AIM has found readers more receptive to consuming news online because of habits developed during the pandemic and, given labor shortages, the relief is substantial from having to find and retain delivery carriers. During the conversion, AIM lost fewer than 100 subscribers and the Odessa American has begun highly targeted digital marketing and advertising to attract new subscribers. AIM also is seeking to enhance revenue through its digital editions to support local car dealers, restaurants and other loyal advertisers.
“From every point of view — readers, advertisers, technology, financial — it all suggested it was the right time to do this. We’re not doing it defensively,” said Halbreich. “Now that we’re digital, it doesn’t cost as much to deliver additional pages. Since the conversion, our readers are getting more information and content. We are not planning on reducing our news and editorial resources. To date, I don’t think we’ve lost any advertising revenue.”
So, is the Odessa paper a daily? “Yes, you’re creating and generating and distributing new information on a daily basis. Also, since it is now digital, Odessa is providing more information and more pages than was the case previously with its print-only product,” Halbreich said. And what distinguishes it from a weekly that updates its site daily? “At the end of the day, who cares? The lines are blurring for all the right reasons.”
And it continues: Also in Texas, beginning August 15, the state’s second-oldest daily newspaper will be cutting back to three print days a week, while offering e-editions five days a week and over the weekend. The family-owned Victoria Advocate pledged to maintain seven-day-a-week reporting and promised local content will be undiminished.
“The demand for our local and state content continues to grow via our digital delivery formats, including e-editions, websites, social media and apps,” Stephen McHaney, president of M. Roberts Media, which publishes the Advocate and several other Texas newspapers and magazines, said in a story announcing the move. “We want to ensure our delivery formats are representative of our readers’ and advertisers’ preferences now and in the future.”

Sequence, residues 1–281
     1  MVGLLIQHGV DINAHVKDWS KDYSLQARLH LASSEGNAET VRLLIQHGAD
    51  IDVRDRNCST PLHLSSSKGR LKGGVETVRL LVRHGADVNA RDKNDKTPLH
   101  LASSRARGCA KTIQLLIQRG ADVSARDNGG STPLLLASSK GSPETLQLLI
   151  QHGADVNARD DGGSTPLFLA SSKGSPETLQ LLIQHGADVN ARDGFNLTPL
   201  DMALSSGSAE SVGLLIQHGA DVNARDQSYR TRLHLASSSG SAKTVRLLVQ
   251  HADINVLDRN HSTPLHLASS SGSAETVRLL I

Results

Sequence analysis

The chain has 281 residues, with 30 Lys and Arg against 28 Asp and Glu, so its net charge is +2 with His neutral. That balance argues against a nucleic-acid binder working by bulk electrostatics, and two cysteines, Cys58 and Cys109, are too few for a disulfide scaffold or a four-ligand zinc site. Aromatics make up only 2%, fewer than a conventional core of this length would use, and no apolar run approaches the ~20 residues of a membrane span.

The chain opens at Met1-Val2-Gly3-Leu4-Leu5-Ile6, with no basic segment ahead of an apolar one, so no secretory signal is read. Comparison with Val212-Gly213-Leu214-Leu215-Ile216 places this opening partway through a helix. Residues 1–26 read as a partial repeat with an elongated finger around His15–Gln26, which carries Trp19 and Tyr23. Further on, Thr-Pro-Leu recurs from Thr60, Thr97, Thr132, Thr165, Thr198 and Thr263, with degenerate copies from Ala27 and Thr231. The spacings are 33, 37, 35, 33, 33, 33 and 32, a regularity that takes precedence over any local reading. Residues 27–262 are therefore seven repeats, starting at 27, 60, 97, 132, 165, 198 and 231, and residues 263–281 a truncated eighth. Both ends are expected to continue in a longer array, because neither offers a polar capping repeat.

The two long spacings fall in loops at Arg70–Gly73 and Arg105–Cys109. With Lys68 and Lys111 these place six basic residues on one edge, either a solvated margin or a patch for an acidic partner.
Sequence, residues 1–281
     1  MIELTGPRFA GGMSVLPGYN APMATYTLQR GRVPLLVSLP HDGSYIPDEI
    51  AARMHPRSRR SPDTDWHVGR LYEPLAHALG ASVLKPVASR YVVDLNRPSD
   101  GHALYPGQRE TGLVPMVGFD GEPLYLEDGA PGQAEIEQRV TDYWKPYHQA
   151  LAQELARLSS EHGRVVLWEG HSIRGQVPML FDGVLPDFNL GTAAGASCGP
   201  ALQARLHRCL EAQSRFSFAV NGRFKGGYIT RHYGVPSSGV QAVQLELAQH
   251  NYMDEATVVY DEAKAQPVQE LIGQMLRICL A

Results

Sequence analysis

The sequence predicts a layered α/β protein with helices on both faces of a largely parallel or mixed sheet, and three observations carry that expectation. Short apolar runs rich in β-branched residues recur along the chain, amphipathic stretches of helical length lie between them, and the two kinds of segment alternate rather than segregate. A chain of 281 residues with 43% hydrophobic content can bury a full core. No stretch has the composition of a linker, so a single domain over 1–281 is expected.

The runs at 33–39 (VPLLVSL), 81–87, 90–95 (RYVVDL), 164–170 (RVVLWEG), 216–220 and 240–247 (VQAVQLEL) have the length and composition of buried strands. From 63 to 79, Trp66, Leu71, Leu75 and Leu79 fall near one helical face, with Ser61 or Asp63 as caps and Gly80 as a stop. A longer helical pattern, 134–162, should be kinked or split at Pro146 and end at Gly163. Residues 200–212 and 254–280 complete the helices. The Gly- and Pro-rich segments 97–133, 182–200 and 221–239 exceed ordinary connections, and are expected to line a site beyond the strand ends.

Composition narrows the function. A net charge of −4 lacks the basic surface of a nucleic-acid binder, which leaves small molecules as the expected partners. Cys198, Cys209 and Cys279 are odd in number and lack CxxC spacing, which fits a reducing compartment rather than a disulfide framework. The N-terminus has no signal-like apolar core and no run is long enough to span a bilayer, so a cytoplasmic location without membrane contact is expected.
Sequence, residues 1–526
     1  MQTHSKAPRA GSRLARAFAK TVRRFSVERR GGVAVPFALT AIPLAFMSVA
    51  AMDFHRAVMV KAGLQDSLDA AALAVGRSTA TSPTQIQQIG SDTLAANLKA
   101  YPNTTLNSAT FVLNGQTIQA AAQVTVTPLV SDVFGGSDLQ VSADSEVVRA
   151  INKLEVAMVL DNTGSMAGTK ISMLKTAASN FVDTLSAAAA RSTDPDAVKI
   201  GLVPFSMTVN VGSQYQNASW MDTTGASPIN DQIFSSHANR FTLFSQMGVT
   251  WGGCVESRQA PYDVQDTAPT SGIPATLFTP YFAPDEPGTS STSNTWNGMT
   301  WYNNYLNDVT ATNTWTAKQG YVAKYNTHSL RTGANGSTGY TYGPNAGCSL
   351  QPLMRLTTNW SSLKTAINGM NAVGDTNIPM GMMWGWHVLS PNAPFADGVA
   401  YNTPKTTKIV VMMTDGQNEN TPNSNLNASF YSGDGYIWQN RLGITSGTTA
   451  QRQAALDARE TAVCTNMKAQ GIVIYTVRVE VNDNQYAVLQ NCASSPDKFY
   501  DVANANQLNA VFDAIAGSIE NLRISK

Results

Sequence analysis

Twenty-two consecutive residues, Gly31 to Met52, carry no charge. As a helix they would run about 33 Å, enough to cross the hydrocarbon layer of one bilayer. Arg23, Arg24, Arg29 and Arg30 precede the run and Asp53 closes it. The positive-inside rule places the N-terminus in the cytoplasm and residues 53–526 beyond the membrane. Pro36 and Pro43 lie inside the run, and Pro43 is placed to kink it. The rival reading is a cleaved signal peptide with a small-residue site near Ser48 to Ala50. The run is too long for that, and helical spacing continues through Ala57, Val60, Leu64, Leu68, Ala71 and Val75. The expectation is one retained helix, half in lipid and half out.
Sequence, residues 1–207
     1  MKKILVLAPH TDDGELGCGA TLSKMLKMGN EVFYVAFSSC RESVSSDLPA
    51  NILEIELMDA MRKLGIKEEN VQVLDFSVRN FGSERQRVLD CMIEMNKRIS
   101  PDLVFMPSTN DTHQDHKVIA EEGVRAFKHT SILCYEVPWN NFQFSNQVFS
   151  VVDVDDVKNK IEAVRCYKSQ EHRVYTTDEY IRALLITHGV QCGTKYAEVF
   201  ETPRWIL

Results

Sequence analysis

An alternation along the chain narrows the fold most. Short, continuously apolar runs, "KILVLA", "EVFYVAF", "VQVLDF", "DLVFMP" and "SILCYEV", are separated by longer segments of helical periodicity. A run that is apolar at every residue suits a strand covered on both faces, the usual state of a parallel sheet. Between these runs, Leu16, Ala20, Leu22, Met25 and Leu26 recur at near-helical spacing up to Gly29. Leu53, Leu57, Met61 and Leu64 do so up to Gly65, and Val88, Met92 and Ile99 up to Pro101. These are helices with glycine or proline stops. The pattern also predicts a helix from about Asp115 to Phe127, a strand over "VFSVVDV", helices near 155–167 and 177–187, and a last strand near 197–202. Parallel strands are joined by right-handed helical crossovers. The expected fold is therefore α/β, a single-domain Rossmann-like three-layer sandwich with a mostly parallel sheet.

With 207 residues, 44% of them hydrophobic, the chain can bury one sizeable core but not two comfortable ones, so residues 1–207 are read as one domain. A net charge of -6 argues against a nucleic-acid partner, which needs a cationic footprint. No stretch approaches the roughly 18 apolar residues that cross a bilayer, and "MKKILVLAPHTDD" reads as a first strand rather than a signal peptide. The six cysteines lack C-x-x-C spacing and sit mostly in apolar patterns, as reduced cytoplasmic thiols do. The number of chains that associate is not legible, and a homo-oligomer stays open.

A long-term future for print?
Despite the trends working against print, many news organizations continue to plan for its long-term continuation.
“You have to be prepared to operate the business without it in three to five years, but I think we can keep it a lot longer than that,” said Andrew Olsen, publisher of the Times Review Media Group in New York, which includes three weeklies printed and delivered on Thursdays, according to Abernathy’s database. “You have to have a lot of automation, best-in-class software and have a team that knows how to (work) efficiently. There are aspects of print you can’t control. If it’s 10 at night and we’re getting a blizzard, I have trucks delivering papers while at the same time we’re sending out breaking news alerts to your phone.”
Still, Olsen said, even publishers in affluent markets need to invest toward the day when print will no longer pay the bills. “You need to build out the digital,” he said. “I wouldn’t rely 100% on print.”
In Massachusetts, Fredric Rutberg recently took the plunge to purchase an upgraded printing press, despite moving in late 2020 from printing seven days to five. The Berkshire Eagle, which he purchased with investment partners after becoming dismayed about cutbacks in its quality by a previous owner, now publishes Tuesday through Friday, plus a weekend edition.
Rutberg and his partners didn’t intend to cut back the Eagle, but economics won out. “The reduction in print frequency was a necessary response to the impact that Covid had on our advertising revenue,” Rutberg said.
“Readers were disappointed and so was I,” the former judge explained. “It wasn’t something we wanted to do. It was something we had to do” — to maintain editorial staff, among other reasons.
At the rate print editions are disappearing, how long will publishers continue producing printed newspapers? As recently as 2016, more than 90% of publishers and general managers said they expected printed newspapers to exist more than 20 years into the future, according to an Institute of Newspaper Technology survey. By 2020, the same survey of news managers showed only 48% of those at weeklies and 39% at dailies expected to be printing papers more than a dozen years into the future.
That won’t be the case for the Reids, publishing in Oklahoma. Their strategy of holding on to print while building digital platforms has created for advertisers “some of the best marketing opportunities in Oklahoma,” said Phillip Reid, whose company recently purchased three newspapers from Gannett.
Those papers were weakened by big-chain ownership, Reid said. Gannett “just couldn’t handle the details. The service to the communities was harshly diminished,” he said, as when the papers failed to print required legal notices on time.
The Reids improved reliability, brought the papers back to profitability, focused on community journalism and doubled down on print, including by running house ads extolling the virtues of the printed page. “We have evolved ‘happenstantially’ to become one of the largest printers of newspapers in Oklahoma,” Reid said, noting that he’s in the market to purchase more print newspapers. “Shutting down print editions causes people to lose faith in the product and is (the) biggest challenge to overcome for our industry.”